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Florida Lt. Gov. says 'good luck' to attempts to repeal so-called 'Don't Say Gay' law


A new Florida law now has its first lawsuit. The law bans classroom instruction about sexual orientation and gender identity from kindergarten through third grade. Critics believe it's written specifically to discourage any mention of LGBTQ topics in school at any age. They call it the "Don't Say Gay" law, and gay rights groups are now suing Florida Governor Ron DeSantis to block it. Earlier today, I spoke with Florida's lieutenant governor, Jeanette Nunez. Welcome to the program.

JEANETTE NUNEZ: Thank you for having me.

SNELL: Can you start by talking about the goal of this bill? What is the intent?

NUNEZ: First and foremost, the bill is about not just protecting parents' rights but empowering parents. This bill is about three fundamental things. It is about making sure that school districts will not have the ability to shield or hide information from parents about services offered to their children. Secondly, the bill prohibits classroom instruction about sexual orientation or gender identity in grades K through three. It does not reference discussions or questions that students may have. It is specific about classroom instruction. And then finally, it ensures that whenever a questionnaire or health screening is given to any student in the K through three grades, parents will receive it first, and they'll provide permission for the school to administer said questionnaires.

SNELL: So children ask adults and, really, their teachers a lot of questions about life and things like, why does their friend have two moms or two dads? Does that interaction require mandated state intervention under this law?

NUNEZ: Any number of hypothetical scenarios were asked at every stage of this bill, and it's been very clear that there is nothing in the legislation - there is no attempt to silence a child's question or to silence or erase a child's history. They have two moms, and they want to share it in a family tree, or they want to talk about it. Nothing will preclude that child from sharing their family history, their questions. This is solely about classroom instruction, curriculum that will be embedded with topics that we feel are best left for older grades. We feel that they're best left, quite frankly, to the family in the home.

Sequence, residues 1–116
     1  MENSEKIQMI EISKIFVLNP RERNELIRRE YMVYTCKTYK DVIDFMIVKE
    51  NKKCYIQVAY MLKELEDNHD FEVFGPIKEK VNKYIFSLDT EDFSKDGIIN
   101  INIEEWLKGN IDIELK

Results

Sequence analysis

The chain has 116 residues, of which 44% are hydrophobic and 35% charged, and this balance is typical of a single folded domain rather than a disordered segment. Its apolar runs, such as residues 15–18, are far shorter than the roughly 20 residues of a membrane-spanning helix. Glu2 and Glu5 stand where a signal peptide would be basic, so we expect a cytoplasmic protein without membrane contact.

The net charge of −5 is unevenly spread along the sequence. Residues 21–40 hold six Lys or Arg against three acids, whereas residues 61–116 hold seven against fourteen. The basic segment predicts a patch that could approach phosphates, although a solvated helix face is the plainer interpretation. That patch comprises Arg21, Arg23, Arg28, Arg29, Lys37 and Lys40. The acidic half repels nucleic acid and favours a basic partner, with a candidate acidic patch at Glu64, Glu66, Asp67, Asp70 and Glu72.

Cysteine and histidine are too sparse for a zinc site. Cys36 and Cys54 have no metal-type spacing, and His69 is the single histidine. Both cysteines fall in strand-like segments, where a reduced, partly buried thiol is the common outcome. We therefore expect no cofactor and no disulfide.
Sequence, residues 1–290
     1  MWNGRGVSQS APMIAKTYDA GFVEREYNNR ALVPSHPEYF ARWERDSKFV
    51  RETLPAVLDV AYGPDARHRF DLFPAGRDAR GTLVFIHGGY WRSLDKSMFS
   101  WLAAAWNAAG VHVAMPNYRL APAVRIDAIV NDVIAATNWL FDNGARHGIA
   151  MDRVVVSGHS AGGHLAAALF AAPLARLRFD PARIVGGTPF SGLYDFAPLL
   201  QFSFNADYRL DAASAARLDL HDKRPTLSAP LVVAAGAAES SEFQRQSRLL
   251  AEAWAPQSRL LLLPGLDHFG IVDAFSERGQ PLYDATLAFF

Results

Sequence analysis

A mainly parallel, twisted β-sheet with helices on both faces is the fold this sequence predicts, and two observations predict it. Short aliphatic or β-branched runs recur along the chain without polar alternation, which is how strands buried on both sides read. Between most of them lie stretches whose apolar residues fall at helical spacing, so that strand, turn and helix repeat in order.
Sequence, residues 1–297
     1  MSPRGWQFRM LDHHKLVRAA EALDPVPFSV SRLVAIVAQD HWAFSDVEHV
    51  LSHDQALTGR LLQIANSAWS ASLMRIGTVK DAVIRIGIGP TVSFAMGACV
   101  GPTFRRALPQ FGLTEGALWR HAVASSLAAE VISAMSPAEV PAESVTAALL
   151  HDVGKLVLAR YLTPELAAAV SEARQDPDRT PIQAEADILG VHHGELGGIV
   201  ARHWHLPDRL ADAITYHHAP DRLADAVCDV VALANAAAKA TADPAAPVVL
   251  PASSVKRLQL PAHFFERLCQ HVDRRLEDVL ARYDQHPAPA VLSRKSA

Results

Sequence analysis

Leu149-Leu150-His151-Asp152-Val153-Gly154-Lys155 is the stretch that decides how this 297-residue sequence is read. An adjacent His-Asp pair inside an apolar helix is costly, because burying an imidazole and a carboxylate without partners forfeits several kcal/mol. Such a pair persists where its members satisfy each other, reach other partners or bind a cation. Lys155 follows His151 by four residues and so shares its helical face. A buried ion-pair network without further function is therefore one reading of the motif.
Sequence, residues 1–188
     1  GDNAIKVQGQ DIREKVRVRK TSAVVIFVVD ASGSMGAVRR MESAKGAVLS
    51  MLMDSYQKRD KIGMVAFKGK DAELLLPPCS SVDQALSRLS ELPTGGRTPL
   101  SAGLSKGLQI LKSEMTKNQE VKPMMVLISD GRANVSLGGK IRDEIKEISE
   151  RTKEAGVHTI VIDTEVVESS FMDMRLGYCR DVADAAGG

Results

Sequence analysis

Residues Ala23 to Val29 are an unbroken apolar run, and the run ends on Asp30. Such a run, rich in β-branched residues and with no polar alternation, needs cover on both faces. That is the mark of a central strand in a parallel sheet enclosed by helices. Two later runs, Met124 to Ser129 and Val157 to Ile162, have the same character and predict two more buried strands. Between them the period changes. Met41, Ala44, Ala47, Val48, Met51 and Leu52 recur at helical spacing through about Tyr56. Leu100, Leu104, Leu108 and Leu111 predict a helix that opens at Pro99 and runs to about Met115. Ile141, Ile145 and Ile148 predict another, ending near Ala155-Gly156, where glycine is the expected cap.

SNELL: We have been speaking with teachers and parents in Florida, and I'd like to listen to one of the teachers our reporter spoke with. This is Clinton McCracken. He's a middle school teacher, he teaches art in Orlando and he is gay.

CLINTON MCCRACKEN: This is a created culture war from him so that he can achieve his political ambitions. That's all this is. So I'm not teaching kids how to be gay in my classroom, but I'll tell you what I am doing. I am trying with all my power to teach kids to be OK with who they are.

SNELL: So the him he's referring to there is the governor. And I'm wondering how you respond to that.

NUNEZ: Well, I'd respond by telling him, read the bill - has nothing to do with middle school. This is grades K through three.

SNELL: The bill sponsors explicitly say that they intend for this to apply to students all the way up to high school.

NUNEZ: No, no. The bill's very specific about prohibiting classroom instruction grades K through three. There's no denying it. Again, read the bill. However, as it relates to the higher grades, it says as age appropriate, developmentally appropriate. And so I think that when you look at age appropriateness, whether it's regarding Holocaust curriculum, human trafficking or other curriculum, I think we all agree that it should be age appropriate.

SNELL: So on a slightly different aspect of this, are you concerned about the safety and mental health of the students who fear what will come as a result of this bill? Just to give you some context, the Trevor Project found last year that 42% of LGBTQ students have considered attempting suicide. And in Florida, the Gay, Lesbian and Straight Education Network found that 10% of students said they were victims of physical assault because of how students viewed their sexuality or gender identity.

NUNEZ: We're not concerned about this creating a potential negative or a potential harmful situation because we made provisions for instances where the teacher or the counselor may feel that that child may be in danger of neglect, abandonment or abuse. That is contemplated in the bill.

SNELL: Let me turn you to the potential economic consequences of the law. Disney has said it's going to do everything in its power to get this law overturned. Do you have any concerns about picking a fight with one of your state's largest employers, one that brings in millions of tourists and billions of dollars to your state?

NUNEZ: Not at all. We will never back down from a fight, especially when it's a matter of principle. And when you look at Disney, when you look at where they have come on this position, on this issue, they have kowtowed to an agenda that we believe is a radical agenda. And for them to say they're going to work to repeal this bill, well, good luck with that.

SNELL: Florida Lieutenant Governor Jeanette Nunez. Thank you so much for your time.

NUNEZ: Thank you. Absolutely. Have a great day. Transcript provided by NPR, Copyright NPR.

Kelsey Snell is a Congressional correspondent for NPR. She has covered Congress since 2010 for outlets including The Washington Post, Politico and National Journal. She has covered elections and Congress with a reporting specialty in budget, tax and economic policy. She has a graduate degree in journalism from the Medill School of Journalism at Northwestern University in Evanston, Ill. and an undergraduate degree in political science from DePaul University in Chicago.
Brianna Scott is currently a producer at the Consider This podcast.